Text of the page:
A year of fitness: Gym tips

Following on from my previous post on getting fitter and healthier, here are a few things I’ve learnt about gym based exercise. Might be of interest to those starting out.

Clothing

I’d recommend spending the money and getting proper gym clothing. You can just use an old T-shirt but cotton is horrible for cardio work, you’ll just get sweaty without working as hard as you could[1]. Proper wicking material is more comfortable and you’ll get more done. Be careful with running tops, they can be cut quite slim, because runners are stick insects. They’re also quite short, if you lift something over your head the shirt will ride up and everyone will see your belly. Important note: Nobody wants to see your belly.

Similar applies to shorts as well. After initially being a sceptic, I now prefer shorts with a built-in liner which functions as underwear. Sports underwear exists as an alternative, but either way, cotton isn’t much fun. Sweaty seams on briefs are just going to encourage skin problems.

Nothing stinks like stale gym kit. Rinse, either hand or machine, on the day of the gym and then air, ideally in the sun, until wash day. When washing, normal detergent struggles as it’s too viscous. Performance cleaner for Gore-Tex and similar will work, but pure soap is good too and much cheaper.

Heart rate monitor

About six months in I bought a heart rate monitor (HRM). I was worried this was just part of my ‘bombard a hobby with gadgets’ tendency, but I’ve found it useful. I chose a Suunto M2 which seems to be as good as Suunto devices get before they become annoying and start nagging you to do certain things on certain days. It’s a chest-belt based monitor, as I read that the optical wrist only ones weren’t as reliable. The belt isn’t a problem, you quickly forget about it.

One of my initial reasons for buying a HRM was a worry I was pushing myself too hard for my age. There are various ways of calculating maximum heart rate but the consensus seems to be that I shouldn’t be going above the low 180s, which I interpreted as a safety limit.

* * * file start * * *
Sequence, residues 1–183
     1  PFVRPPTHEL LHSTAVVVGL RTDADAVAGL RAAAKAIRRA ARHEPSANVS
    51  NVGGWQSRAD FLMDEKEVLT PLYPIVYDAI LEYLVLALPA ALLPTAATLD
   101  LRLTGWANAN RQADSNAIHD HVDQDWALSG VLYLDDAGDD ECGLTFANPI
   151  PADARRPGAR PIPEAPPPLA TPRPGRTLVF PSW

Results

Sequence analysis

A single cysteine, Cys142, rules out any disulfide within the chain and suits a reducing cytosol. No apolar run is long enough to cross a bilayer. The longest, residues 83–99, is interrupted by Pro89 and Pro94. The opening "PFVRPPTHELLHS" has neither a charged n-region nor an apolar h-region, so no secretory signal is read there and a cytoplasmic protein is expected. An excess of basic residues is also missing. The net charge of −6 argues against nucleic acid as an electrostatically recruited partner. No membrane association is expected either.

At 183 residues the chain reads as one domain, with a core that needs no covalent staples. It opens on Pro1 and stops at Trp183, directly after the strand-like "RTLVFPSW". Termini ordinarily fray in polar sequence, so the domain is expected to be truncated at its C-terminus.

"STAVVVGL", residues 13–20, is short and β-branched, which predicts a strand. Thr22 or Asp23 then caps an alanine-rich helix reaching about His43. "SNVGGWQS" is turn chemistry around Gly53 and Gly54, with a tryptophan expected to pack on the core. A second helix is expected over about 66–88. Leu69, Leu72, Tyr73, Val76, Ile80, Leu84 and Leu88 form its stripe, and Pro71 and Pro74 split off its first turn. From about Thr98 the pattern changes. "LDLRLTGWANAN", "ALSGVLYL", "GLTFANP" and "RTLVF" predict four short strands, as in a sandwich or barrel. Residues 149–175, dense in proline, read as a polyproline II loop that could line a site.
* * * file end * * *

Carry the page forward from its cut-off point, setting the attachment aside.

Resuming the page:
As it turns out, this number (like so many things in biology) is an average and people vary a lot. I suspect I’m actually a ‘high beater’ in that my heart runs quicker than most for a relative level of exertion. An example heart rate zones calculation says my zone 5 (90% level, essentially sprinting) starts near 170bpm, when in fact I can hold this effort for over ten minutes as part of a cardio block with no ill effects. This means that, for me, treating 180bpm as a working maximum is conservative, but that’s OK. Targeting 170–180bpm as my hard-work rate leaves me nicely tired at the end of a gym visit, but not seeing stars.

HRM showing 182bpm

Calorie counting

Another initial reason for the HRM was to get a calorie count for the whole session. The HRM will do that, but as time has passed I’ve stopped caring for a few reasons.

Firstly, there’s a question about accuracy of the calculation. Some of the cardio machines produce their own calorie count and these can be 50–100% greater than the HRM measurement for the same period. I’d expect the HRM to be more accurate as it knows more about me, in particular my heart rate, but the fact such variations exist doesn’t inspire confidence. I also doubt it takes account of the afterburn effect.

Secondly, the values don’t seem to vary very much against how hard I work. If I do a two hour gym session, it will be around 1000kcal ±5%, so really it functions as a crude clock. This doesn’t mean the numbers are wrong, just that calories burned are a poor proxy for effort. For a given calorie burn I could have pushed myself to a new personal best or just cruised round.

Lastly, the temptation is to use the calorie measure to offset food intake, but that’s a whole other barrel of frogs in terms of understanding how your body metabolises different kinds of food at different points in time.

The result is a number I don’t trust, and isn’t very useful anyway. As a measure of effort I now prefer the HRM’s time-spent-in-each-zone measure. Even if I don’t agree with the zone boundaries, this correlates better with how hard I feel like I’ve worked. A good session would include 40 mins above zone 3, a poor session is below 20 minutes.

Music

As well as alleviating boredom, the right music does help, and the better songs can inspire a good 10bpm difference on a cardio run. I’ve been using a Sansa Clip, which is cheap, and small enough to clip onto clothing.

Everyone has different experiences with gym headphones. In general I don’t like earbuds for any use, but the choice of on-ear gym/sweatproof options is limited. There is the Philips SHQ5200 but as these are designed for runners they deliberately don’t provide much ambient noise insulation, so the user doesn’t get hit by a bus. For gym use you want the isolation to block out the default MTV accompaniment.

I’m now using Sennheiser CX685s, but note the default tips are horrible. With Comply T400 tips they block out more ambient noise, sound better, and fall out less.

  1. Don’t fall into the trap of thinking more sweat means more achievement. Sweat is just a cooling function. [Back]